Wednesday, November 10, 2004
A few weeks ago, my husband and I were amused by the wording on a form our daughter’s preschool sent home for us to fill out. Instead of asking for the name of her “mother’’ or ‘’father’’ or even her ‘’parents,’’ the form asked for the child’s ‘’sponsors.’’
Sponsors? As in . . . this child is brought to you by . . . ?!?
Smarmy Political Correctness oozed off that sheet. We just crossed it out and put ‘’mother’’ and ‘’father’’ by our names, and hoped it would make a quiet but firm point.
Over the years, I’ve become aware of other kinds of wording in school materials and textbooks that has gotten on the silly side. For instance, you never, ever see the word ‘’wife’’ in kiddie lit any more -- the feminists have expunged that word -- even though we all use the term freely and frequently in everyday life.
Even ‘’mother’’ is on the way out: the well-known children’s book, “Brown Bear,’’ has in recent years replaced the line, ‘’Mother, Mother, what do you see?’’ with ‘’Teacher, Teacher, what do you see?’’ The reason given: some children might not have a mother in the home and it would hurt their self-esteem to read that.
I don’t go for that hogwash. And what is it they say? If Mama ain’t happy, ain’t nobody happy!?! I suppose they want to change THAT to ‘’If an older individual of the female persuasion ain’t happy. . . .’’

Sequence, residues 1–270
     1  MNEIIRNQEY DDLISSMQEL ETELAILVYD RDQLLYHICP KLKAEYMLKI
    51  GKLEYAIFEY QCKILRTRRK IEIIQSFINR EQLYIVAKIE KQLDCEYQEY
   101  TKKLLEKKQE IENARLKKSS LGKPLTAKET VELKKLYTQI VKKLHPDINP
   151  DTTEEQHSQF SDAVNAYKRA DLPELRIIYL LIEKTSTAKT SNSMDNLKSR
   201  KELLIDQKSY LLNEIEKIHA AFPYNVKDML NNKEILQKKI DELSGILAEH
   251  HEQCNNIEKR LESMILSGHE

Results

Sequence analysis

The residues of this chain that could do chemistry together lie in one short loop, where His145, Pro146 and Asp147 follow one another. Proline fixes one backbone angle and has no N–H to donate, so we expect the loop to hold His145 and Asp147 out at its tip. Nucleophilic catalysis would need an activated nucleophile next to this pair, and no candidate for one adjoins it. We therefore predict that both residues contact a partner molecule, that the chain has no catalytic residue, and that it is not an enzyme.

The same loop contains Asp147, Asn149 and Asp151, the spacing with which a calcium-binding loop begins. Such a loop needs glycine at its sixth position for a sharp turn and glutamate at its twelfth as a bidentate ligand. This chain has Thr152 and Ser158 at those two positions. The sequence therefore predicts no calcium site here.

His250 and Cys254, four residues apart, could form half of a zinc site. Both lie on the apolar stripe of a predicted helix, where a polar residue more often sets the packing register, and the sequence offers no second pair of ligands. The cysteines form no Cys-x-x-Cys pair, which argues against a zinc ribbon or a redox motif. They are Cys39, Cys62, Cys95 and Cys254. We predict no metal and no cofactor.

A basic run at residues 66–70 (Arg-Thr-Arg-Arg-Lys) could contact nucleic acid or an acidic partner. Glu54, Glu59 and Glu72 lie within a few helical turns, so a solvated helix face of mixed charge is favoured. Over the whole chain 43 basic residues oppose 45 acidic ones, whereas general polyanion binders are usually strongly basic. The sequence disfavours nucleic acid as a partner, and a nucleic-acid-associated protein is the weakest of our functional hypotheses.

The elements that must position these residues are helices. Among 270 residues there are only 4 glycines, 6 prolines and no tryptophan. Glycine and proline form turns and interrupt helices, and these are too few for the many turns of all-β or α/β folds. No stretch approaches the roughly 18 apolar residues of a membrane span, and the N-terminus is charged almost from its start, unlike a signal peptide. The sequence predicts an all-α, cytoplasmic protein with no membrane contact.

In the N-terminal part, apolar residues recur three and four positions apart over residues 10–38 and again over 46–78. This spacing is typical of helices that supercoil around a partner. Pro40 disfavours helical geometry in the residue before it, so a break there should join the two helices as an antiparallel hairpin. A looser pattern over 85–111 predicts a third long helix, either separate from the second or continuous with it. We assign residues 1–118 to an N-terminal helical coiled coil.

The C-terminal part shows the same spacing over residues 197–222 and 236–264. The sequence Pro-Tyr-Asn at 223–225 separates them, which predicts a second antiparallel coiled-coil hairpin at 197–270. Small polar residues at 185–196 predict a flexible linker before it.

So I was glad to see a plain and simple change involving the wording in textbooks that is being required by the Texas State Board of Education.
In a 10-4 vote Friday, that powerful ed board required secondary-level health textbooks used in Texas public schools to define marriage as a lifelong union between a man and a woman. The move was a rebuke to what one board member called ‘’asexual stealth phrases’’ such as references to ‘’individuals’’ who marry, and using the term ‘’married partners’’ instead of ‘’husband and wife.’’
Since Texas and many other states ban homosexual ‘’marriage’’ and grant no legal recognition to ‘’gay civil unions,’’ and also in light of the overwhelming victories at the polls last week for traditional marriage in several states, the board decided it would be stupid and silly to OK textbooks which imply to minor children that those sorts of arrangements are A-OK, legal, and on a par with traditional marriage.
Texas, the second most populous state after California, is one of the largest textbook purchasers in the world, and sets the tone for the rest of the country.
Nebraska does not have the same textbook review and adoption process as Texas has. There is considerably more freedom in Nebraska and many other states for locally-elected school boards to select textbook series to fit their preferences and guidelines.
However, when a change is made in a textbook because of a requirement in a large market state such as Texas or California, it is bound to trickle down and affect Nebraska eventually. In this case, that’s good.
Publishers which agreed to make the changes are among the nation’s largest: Holt, Rinehart and Winston, and Glencoe/McGraw-Hill.
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